The high levels of noise pollution in New York City instigated the formation of a noise abatement commission. Steven explains how innovator Harvey Fletcher became part of this movement and created a roving 'noise laboratory' that measured the amount of sound on the streets of the city.
In the episode 'Cold', Steven travels to the farthest points on earth to explain how innovators experimented with ways to control the creation and preservation of cold climates and products.
Just 150 years ago, America had so many different timezones it was incredibly complicated to travel from one state to the other. In this clip from 'Time', Steven introduces the railroad clerk who created the method of standardized time still used today.
When the toilet was first invented, it overwhelmed water systems and caused a real threat to public health. Here, Steven describes the story of how inventor John Leal doggedly pursued his idea to use chlorine to purify water.
In this clip from the episode 'Cold', Steven tells the story of the creation of the ice trade by a young, wealthy lawyer named Frederick Tudor. Travelling around America in the incessant heat, Frederick had the idea of bringing something cold to hot places.
From beautiful Hawaii to Windy Chicago, from the icy temperature of Quebec to the Dubai desert heat, host Steven Johnson traveled the world in his new series. Through the good, the bad and the ugly, see him recount his most memorable moments.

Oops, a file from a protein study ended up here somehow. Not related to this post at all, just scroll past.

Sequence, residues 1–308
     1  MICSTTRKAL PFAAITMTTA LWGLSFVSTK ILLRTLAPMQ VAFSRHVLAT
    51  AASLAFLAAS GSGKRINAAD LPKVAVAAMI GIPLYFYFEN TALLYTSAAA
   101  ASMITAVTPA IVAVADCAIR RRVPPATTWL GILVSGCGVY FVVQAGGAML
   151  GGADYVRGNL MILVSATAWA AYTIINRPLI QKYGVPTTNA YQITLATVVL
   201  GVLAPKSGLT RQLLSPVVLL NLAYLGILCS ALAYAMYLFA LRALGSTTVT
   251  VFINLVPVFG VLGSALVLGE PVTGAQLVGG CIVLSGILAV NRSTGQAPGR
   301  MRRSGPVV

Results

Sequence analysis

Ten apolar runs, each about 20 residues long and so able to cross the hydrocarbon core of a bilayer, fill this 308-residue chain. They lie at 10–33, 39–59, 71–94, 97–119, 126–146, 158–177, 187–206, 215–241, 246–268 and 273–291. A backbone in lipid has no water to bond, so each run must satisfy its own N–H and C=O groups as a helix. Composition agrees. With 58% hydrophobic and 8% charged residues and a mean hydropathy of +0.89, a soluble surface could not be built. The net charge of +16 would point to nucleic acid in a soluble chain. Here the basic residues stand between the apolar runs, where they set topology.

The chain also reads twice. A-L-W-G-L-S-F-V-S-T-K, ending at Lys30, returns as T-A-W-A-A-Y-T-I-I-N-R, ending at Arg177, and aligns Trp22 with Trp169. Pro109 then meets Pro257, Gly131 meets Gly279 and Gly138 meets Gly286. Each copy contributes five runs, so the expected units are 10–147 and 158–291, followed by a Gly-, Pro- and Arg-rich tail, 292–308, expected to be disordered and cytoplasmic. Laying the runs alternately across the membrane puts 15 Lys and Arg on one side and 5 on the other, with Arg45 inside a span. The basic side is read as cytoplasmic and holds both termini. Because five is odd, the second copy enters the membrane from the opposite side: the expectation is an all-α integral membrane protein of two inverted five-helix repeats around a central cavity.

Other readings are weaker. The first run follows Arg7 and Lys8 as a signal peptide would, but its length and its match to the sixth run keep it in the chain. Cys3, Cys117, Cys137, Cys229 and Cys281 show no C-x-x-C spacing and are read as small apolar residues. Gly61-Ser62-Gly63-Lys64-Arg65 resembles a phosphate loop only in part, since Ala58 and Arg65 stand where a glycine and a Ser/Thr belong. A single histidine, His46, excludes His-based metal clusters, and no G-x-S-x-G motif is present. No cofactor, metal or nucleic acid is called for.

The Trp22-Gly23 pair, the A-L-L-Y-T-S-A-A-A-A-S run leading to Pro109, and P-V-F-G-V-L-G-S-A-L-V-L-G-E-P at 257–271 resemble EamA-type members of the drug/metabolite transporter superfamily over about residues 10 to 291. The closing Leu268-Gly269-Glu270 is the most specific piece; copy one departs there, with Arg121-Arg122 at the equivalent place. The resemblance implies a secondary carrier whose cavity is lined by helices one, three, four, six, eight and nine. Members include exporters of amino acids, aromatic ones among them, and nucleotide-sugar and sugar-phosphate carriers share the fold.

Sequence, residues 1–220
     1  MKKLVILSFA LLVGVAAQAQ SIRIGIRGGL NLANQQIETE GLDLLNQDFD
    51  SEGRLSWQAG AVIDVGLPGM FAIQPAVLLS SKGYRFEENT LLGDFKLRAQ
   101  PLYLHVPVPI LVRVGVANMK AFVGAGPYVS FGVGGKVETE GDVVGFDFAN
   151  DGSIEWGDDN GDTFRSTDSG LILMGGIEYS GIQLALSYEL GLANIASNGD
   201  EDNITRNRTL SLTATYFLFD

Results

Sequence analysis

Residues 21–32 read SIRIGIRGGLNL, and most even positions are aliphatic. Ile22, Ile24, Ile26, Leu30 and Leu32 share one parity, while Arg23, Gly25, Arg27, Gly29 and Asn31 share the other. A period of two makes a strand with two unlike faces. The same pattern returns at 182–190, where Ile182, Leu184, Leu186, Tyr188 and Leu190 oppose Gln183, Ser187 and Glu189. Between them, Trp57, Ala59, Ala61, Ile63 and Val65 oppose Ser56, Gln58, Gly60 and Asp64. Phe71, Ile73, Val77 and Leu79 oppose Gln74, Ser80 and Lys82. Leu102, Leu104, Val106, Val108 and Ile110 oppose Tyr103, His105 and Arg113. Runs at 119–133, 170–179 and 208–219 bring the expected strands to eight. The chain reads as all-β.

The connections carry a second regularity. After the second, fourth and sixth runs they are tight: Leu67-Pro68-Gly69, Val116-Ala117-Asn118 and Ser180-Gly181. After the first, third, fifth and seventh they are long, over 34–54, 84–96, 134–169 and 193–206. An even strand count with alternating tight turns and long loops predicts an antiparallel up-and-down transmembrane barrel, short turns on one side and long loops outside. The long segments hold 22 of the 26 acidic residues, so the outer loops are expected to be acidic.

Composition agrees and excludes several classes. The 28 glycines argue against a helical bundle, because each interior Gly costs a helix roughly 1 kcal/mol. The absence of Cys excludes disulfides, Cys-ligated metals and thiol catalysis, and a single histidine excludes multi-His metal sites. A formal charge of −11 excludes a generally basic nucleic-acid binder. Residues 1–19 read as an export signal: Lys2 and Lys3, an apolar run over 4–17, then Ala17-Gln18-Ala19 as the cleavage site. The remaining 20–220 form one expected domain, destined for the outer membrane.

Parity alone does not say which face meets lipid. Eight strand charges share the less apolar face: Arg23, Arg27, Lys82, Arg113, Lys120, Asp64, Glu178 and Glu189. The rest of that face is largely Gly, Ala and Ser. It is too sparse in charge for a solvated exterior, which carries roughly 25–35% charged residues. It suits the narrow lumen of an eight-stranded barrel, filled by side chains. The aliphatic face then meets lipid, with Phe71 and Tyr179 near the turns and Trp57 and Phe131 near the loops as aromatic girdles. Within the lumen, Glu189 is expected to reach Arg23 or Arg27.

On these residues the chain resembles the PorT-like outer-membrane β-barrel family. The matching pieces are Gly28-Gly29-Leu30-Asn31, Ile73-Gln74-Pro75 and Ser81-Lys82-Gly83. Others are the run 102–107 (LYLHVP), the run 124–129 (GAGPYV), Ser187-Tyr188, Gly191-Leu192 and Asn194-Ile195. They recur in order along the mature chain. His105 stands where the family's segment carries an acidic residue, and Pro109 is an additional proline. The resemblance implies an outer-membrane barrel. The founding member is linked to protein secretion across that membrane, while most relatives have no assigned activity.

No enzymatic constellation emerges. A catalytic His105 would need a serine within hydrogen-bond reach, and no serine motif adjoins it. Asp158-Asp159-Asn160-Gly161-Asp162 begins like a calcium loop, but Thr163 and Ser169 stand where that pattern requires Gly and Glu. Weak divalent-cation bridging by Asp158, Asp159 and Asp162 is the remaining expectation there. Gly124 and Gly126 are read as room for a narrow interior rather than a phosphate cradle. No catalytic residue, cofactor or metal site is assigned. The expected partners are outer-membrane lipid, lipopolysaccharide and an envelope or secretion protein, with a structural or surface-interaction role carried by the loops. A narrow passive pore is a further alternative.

In this clip from the 'Light' episode, Steven explains the life span of the lightbulb, from its conception as a seed of an idea to its birth as a fully-fledged working invention.
Steven Johnson is the Host and Executive Producer of How We Got To Now with Steven Johnson. The author of eight best-selling books, including the recent Where Good Ideas Come From, he also writes for many publications, including The New York Times, The Wall Street Journal, and Wired. As an early internet entrepreneur, Steven is fluent in fields ranging from neurobiology to medicine, sanitation t
The invention of clear glass in the 13th century paved the way for innovations throughout the centuries that followed; most crucially, the development of the lens. In this clip from the 'Glass' episode, Steven explains how glass lenses inspired the creation of one of the most important scientific inventions of 16th century – the microscope.
How We Got To Now with Steven Johnson reveals the story behind the remarkable ideas that made modern life possible; the unsung heroes that brought them into the world – and the unexpected and bizarre consequences each of these innovations has triggered.